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    • ancientmum
    • By ancientmum 9th Aug 17, 10:38 PM
    • 121Posts
    • 927Thanks
    ancientmum
    Electric heating
    • #1
    • 9th Aug 17, 10:38 PM
    Electric heating 9th Aug 17 at 10:38 PM
    I am hoping for some advice on updating the heating in my new flat. There is no gas supply in the building and currently there are old slimline storage heaters in each room. The one in the bathroom looks broken, and I would like to replace it with a towel rail type one anyway. There is a lagged hot water tank with immersion heater and economy 7 tariff.

    I have ordered a brochure from a certain German based storage heater company, but my son has been talking about an electric combi boiler, which I have never heard of before.

    Does anyone have any experience of either these systems?
    If life is a journey, I want comfy shoes
    Jan-July 17 GC £1156.46/1170
Page 1
    • matelodave
    • By matelodave 10th Aug 17, 8:33 AM
    • 3,176 Posts
    • 1,896 Thanks
    matelodave
    • #2
    • 10th Aug 17, 8:33 AM
    • #2
    • 10th Aug 17, 8:33 AM
    E7 and storage heaters are a lot cheaper to run than any German company's heaters which are not storage heaters and will be running on peak rate leccy, so beware.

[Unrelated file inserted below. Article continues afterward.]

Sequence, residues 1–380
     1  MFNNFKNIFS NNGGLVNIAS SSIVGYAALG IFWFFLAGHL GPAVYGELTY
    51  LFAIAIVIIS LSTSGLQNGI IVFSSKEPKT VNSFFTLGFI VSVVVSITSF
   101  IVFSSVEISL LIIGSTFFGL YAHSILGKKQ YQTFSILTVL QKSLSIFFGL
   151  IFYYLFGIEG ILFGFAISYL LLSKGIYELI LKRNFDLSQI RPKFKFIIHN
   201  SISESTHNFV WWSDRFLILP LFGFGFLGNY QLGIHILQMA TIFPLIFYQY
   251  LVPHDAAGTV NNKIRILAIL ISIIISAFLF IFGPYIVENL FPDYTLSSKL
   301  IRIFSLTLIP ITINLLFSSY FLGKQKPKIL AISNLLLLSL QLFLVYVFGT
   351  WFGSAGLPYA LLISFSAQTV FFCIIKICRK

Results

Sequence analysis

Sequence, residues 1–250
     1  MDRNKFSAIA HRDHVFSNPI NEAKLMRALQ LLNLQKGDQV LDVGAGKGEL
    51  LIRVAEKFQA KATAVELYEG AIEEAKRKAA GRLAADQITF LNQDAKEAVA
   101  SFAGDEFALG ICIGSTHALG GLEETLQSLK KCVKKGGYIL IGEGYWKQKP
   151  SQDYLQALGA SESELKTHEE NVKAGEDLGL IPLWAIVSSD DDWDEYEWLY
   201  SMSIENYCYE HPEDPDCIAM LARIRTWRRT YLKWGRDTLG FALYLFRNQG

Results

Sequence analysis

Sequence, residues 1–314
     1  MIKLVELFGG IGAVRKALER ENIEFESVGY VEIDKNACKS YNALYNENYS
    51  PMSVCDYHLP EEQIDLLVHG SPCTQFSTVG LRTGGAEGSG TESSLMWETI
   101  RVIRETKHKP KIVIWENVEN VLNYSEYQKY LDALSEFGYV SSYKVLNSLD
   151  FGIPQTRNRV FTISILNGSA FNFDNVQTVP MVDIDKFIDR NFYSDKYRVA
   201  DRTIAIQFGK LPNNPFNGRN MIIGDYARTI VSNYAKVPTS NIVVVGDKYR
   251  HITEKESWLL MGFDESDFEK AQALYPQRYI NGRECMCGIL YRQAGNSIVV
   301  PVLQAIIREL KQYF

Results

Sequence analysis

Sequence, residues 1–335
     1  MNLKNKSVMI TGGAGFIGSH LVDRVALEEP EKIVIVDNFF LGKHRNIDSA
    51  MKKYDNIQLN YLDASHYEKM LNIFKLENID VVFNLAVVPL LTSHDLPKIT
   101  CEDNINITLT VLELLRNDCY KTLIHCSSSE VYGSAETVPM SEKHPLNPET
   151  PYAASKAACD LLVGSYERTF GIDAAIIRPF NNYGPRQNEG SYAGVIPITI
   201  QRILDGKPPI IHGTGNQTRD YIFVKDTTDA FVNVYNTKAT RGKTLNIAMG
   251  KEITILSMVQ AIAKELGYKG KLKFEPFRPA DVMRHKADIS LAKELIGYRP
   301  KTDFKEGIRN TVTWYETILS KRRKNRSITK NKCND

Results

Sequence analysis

Likewise an electric combi runs on peak rate electricity as it cannot store heat during off-peak times so will increase your heating costs dramatically.

    You'd be better off getting the existing storage heters checked over and try a winter with them first before spending lots of money.
    Last edited by matelodave; 10-08-2017 at 10:14 AM.
    Love makes the world go round - beer make it go round even faster
    • ancientmum
    • By ancientmum 10th Aug 17, 8:58 AM
    • 121 Posts
    • 927 Thanks
    ancientmum
    • #3
    • 10th Aug 17, 8:58 AM
    • #3
    • 10th Aug 17, 8:58 AM
    Thank you matelodave. I may do that. I am used to gas check so was worried about excessively higher bills. Will have a rethink.
    If life is a journey, I want comfy shoes
    Jan-July 17 GC £1156.46/1170
    • Ebe Scrooge
    • By Ebe Scrooge 10th Aug 17, 9:19 AM
    • 4,014 Posts
    • 3,434 Thanks
    Ebe Scrooge
    • #4
    • 10th Aug 17, 9:19 AM
    • #4
    • 10th Aug 17, 9:19 AM